The banks and schools say these deals provide safe and convenient banking options to students who may not have an account to easily access their financial aid money. To critics, including some regulators, the arrangements are an “unholy alliance” between banks and schools that provide financial institutions access to students, a lucrative and vulnerable demographic, and colleges with funding. 

The lack of demand for the government-branded debit card signaled to critics of these arrangements that students have enough options for accessing their refunds and don’t need to be marketed to through their schools. 

‘There’s no other product like it’

When the Trump-era Department of Education launched the debit card it was part of a suite of programs aimed at modernizing the experience of borrowing and repaying student loans — changes officials said would benefit borrowers. 

Wayne Johnson, then the chief operating officer of the Office of Federal Student Aid and also a former prepaid and credit card executive, called the debit card a “very robust payment instrument” with no fees that married a variety of banking technology, including peer-to-peer payments and security alerts.

“There’s no other product like it in existence today,” he said at the time. 

But consumer advocates worried it would provide the financial institutions partnering with the agency on the card access to student data and opportunities to cross-sell other products. 

The government’s solicitation for proposals from financial institutions and other vendors to participate in the program noted that receiving federal student aid “may be the first encounter a student has with a financial services product.”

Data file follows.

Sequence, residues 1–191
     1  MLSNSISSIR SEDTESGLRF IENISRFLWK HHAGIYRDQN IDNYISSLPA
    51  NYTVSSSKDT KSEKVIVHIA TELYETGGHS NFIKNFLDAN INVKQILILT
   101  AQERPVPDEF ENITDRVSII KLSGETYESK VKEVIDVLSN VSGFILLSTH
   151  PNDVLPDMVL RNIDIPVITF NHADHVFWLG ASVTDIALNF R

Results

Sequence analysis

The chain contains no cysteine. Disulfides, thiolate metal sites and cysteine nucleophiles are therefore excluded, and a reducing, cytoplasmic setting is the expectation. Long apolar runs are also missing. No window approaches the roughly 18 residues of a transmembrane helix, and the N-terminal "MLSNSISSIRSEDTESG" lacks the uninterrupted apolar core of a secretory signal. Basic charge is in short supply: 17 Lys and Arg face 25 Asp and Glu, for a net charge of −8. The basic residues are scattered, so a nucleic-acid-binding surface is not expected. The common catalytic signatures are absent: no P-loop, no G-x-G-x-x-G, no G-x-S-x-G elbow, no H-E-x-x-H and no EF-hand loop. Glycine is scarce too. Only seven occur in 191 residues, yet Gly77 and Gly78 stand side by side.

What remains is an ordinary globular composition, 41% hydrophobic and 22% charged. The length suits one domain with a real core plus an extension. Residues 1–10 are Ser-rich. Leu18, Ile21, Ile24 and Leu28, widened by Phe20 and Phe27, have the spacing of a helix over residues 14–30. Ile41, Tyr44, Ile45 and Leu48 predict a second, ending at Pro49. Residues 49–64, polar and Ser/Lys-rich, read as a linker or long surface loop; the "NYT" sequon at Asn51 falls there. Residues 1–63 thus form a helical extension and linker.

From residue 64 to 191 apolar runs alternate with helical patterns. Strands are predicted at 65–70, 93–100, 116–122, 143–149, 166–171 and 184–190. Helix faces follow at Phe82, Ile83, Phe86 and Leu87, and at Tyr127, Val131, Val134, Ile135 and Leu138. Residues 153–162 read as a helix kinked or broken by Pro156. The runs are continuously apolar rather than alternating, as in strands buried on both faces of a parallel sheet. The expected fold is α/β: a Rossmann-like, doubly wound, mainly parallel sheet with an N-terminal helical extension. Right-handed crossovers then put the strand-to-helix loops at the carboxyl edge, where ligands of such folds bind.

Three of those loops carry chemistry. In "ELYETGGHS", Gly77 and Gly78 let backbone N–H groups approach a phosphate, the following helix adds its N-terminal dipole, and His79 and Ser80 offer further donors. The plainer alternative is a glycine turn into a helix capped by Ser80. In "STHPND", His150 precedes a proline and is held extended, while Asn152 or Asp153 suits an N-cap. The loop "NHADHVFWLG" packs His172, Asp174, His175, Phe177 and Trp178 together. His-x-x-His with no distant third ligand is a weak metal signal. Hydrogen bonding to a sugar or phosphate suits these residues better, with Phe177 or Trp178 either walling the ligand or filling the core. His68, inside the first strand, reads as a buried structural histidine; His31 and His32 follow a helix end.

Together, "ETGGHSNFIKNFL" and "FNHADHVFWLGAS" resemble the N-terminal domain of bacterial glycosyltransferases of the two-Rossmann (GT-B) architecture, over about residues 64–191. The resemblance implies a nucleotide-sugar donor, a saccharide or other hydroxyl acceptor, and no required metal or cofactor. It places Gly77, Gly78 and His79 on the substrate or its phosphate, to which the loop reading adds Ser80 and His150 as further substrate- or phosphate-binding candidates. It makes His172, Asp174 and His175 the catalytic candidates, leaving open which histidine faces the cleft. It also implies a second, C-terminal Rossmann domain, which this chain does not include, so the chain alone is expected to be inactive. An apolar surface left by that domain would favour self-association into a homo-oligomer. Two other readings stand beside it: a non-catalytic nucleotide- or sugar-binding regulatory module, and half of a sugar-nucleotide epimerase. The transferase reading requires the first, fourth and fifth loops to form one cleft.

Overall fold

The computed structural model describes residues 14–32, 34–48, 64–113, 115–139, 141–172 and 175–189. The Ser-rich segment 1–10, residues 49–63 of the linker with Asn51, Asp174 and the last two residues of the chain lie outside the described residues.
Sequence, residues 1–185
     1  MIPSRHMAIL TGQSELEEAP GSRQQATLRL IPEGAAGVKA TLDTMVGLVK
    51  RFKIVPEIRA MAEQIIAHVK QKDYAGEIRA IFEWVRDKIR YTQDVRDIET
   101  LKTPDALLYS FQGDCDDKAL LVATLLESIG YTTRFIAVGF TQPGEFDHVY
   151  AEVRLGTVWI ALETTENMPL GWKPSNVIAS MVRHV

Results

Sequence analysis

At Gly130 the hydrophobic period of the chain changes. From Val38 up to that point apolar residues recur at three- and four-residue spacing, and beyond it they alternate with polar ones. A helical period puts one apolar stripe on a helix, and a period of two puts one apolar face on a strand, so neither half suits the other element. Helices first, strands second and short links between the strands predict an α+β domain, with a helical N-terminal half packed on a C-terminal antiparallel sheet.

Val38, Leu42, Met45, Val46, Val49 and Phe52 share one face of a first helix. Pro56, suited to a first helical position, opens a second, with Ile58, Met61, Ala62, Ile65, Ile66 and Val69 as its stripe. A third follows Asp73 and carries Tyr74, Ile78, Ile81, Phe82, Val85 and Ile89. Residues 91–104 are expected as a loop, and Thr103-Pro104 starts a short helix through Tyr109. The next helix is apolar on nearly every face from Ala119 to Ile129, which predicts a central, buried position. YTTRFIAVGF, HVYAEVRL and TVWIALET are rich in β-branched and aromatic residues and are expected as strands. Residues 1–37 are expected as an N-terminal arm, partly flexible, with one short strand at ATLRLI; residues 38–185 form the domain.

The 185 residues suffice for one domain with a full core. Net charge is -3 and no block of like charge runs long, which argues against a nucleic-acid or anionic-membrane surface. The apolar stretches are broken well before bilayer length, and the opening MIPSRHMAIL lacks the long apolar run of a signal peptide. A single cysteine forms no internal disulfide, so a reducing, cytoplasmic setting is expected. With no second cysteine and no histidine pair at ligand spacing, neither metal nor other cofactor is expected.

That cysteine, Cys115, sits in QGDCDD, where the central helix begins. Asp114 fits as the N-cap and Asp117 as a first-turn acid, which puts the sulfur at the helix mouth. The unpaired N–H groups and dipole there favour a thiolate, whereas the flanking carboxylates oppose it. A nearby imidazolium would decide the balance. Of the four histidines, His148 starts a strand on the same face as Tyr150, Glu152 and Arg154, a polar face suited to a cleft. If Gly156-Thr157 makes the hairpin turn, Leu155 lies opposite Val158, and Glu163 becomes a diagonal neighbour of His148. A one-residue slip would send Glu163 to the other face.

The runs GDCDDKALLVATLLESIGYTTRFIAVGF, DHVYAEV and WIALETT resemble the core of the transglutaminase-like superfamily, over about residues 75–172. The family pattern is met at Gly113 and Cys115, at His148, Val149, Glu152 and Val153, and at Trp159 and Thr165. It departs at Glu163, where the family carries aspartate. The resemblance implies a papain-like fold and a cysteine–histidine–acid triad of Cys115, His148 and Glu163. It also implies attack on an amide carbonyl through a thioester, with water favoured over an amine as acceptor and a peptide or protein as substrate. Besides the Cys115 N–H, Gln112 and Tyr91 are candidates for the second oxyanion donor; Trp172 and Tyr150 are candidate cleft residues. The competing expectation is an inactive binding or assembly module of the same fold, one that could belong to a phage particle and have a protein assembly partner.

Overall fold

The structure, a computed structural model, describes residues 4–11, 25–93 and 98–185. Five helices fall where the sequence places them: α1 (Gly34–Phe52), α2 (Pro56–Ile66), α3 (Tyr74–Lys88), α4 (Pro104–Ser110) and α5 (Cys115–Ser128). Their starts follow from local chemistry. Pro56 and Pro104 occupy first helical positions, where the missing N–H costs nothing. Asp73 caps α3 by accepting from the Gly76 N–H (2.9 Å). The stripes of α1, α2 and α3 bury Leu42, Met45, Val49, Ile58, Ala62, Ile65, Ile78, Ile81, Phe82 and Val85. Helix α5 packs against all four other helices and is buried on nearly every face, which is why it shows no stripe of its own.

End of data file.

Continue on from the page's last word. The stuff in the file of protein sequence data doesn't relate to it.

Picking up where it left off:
That would put any company partnering with the government on the card in an enviable position with a lucrative group of customers, said Ed Mierzwinski, senior director, federal consumer program at U.S. PIRG, a consumer advocacy group. 

“The opportunity of a bank to become the first card in a consumer’s wallet gives you an opportunity to become what the banking industry refers to as a top of wallet card,” he said. “You might churn some of your cards, it’s very likely that you will save your first card. Your first card becomes your top of wallet card, the one you hang on to.” 

MarketWatch contacted the three financial institutions that were reportedly part of the pilot program for comment. Fiserv

referred questions to the Office of Federal Student Aid and Urban FT and Metabank

didn’t respond.

Advocates worried that the card’s no-fee provision would only be temporary. In addition, they were concerned about the Department of Education having access to information about the way students were spending their financial aid money.